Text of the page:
One of the biggest mistakes that many content marketers make is thinking that once their content is published and promoted their work is done.
In fact, there’s still a very important job for them to tackle after that: They need to measure how each piece of content performed, reflect on what worked and what didn’t, and try to use any insights that they glean from the process to improve the next time.
It’s really important to get into a consistent rhythm of examining how your content performs on a regular — at least weekly, but potentially even daily — basis.
When you do so, try to answer the following questions:
- How much traffic did that particular piece of content drive to your website in terms of both unique visitors and page views?
- How engaged with your content was your audience as measured by time on page, bounce rate, number of shares, and number of comments?
- How many people completed the desired conversion as a result of consuming your content, i.e., what was the conversion rate?
All of the key performance indicators bolded above are ones that you can easily access using Google Analytics. Once you do, it’s a good idea to start tracking and recording these metrics in a content marketing dashboard that you can set up in a simple Excel spreadsheet.
For example, you might have one worksheet that includes overall metrics for your site and another that tracks these same metrics for each key piece of content or page that you develop. Doing so will allow you to begin to see how your content marketing program is performing over time on both a macro and micro level.
When you start to look at the data, your goal will be to try to identify any trends over time as well as any potential outliers. If something performed really well, for example, can you figure out why so that you can try to replicate it again?
Conversely, if something else didn’t perform so well, can you pinpoint the reason and avoid it going forward? Your job is to glean as many insights as you can into how your content performed and why, and then to adjust your strategy accordingly going forward.
To do so successfully you not only have to update your content marketing dashboard on a consistent basis, but also meet as a team to discuss it. Having meaningful, data-driven retrospectives about your content marketing program and what’s working and what isn’t, is really one of the most critical steps to improving your program over the long term.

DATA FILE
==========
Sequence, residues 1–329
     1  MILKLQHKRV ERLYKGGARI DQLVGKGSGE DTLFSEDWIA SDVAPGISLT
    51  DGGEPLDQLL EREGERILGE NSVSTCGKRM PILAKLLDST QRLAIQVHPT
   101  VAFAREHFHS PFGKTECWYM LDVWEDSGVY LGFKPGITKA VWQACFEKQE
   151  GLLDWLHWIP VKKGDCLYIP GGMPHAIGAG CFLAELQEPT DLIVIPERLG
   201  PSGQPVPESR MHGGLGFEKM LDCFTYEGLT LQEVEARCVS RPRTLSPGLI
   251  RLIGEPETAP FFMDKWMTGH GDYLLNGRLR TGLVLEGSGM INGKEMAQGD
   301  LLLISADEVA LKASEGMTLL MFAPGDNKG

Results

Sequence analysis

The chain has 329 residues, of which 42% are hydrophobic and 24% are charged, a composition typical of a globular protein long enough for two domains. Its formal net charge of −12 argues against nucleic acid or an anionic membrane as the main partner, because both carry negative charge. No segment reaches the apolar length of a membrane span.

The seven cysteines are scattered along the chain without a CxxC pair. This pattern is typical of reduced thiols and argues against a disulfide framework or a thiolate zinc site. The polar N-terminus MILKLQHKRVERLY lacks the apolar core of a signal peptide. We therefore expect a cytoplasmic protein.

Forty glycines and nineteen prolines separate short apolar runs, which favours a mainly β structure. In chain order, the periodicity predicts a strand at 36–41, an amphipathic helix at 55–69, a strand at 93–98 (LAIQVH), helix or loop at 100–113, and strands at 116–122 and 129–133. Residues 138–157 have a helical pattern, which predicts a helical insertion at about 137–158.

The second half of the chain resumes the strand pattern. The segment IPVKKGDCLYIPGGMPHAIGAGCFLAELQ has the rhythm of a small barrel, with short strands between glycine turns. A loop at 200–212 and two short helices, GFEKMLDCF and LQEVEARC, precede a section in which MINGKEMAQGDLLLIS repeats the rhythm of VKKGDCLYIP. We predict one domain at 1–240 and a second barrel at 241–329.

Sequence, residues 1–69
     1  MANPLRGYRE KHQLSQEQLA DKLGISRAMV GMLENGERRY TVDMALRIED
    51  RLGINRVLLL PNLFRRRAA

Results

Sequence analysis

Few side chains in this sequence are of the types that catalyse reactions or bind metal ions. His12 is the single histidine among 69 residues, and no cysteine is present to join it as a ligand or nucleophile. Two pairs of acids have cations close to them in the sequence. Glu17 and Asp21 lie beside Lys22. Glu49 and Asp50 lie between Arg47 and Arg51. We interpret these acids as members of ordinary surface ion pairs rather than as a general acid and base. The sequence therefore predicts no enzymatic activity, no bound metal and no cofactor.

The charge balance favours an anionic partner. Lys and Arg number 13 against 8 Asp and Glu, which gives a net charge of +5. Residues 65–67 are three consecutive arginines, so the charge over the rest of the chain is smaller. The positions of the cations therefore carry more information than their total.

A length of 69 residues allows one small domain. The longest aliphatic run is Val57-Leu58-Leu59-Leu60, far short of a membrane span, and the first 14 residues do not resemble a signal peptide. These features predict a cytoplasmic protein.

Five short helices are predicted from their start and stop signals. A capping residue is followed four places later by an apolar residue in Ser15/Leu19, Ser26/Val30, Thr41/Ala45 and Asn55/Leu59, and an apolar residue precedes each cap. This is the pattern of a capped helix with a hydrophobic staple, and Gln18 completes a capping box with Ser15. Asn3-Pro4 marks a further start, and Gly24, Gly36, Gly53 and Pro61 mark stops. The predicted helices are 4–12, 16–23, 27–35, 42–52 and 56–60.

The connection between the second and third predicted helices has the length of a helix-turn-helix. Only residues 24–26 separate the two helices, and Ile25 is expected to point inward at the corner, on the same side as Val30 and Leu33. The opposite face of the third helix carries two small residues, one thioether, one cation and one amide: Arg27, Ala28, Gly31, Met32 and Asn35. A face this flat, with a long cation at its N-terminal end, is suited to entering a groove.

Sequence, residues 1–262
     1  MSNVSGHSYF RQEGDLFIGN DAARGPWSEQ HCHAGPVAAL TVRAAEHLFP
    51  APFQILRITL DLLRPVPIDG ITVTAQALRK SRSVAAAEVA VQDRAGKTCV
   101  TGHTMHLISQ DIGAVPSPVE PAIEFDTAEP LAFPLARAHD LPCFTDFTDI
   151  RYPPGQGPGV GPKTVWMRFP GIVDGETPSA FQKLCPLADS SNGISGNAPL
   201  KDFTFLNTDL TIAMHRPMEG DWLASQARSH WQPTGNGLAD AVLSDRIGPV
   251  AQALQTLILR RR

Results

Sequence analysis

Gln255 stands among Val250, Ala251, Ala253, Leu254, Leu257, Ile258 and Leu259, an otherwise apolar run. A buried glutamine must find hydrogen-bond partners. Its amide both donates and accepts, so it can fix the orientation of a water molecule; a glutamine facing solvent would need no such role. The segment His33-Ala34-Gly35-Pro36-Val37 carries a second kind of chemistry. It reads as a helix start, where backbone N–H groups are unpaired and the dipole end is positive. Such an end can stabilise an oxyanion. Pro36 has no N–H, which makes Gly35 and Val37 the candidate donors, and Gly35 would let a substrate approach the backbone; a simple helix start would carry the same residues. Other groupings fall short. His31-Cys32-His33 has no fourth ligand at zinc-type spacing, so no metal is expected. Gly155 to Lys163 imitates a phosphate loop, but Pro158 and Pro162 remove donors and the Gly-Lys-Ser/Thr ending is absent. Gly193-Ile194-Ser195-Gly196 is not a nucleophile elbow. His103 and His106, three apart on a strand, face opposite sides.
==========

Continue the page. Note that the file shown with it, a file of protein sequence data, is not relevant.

Unfortunately, it’s a step that many content marketers overlook. Even if they are disciplined enough to gather the right metrics, they never sit down as a team to discuss them and figure out what they all mean and how they should adjust their content strategy as a result.
Don’t fall into that trap.
The reality is that content marketing is as much of a science as it is an art, and without a clear understanding of the analytics behind your program, it is going to be virtually impossible to make meaningful improvements to it. That said, there is a limit to how deep you should go.
Google Analytics allows you to track so much information about your content that you can quickly find yourself in a state of analysis paralysis. It’s an easy way to spend a lot of time without necessarily getting a substantially bigger benefit.
For that reason, it’s a good idea to limit what you track to those metrics and pages that matter most. After all, if you spend your entire week gathering and analyzing the data, it will leave little time for you to attend to the tasks of creating and distributing your content.
As you set off to build your own content marketing program, remember that metrics are going to be a key indicator of the value that your program is bringing to your organization. Not only that, they will also serve as guide posts to help steer you in the right direction when it comes time to make improvements to it.
Read Kevin Cain's complete series on content marketing for MSPs:
- Part 1: Why every MSP should be using content marketing to grow their business
- Part 2: How to build a small content marketing team that has a big impact
- Part 3: MSPs: Here’s how to develop an effective content strategy
- Part 4: Content effectiveness: How to make your content work hard for you
Kevin Cain is a content and communications strategist based in Sydney, Australia, and has more than a decade or experience working in the financial services and consulting industries and helping expansion-stage software companies develop their content strategies. To learn more, follow him on Twitter @kevinrcain or check out his blog on language, content, communication and strategy.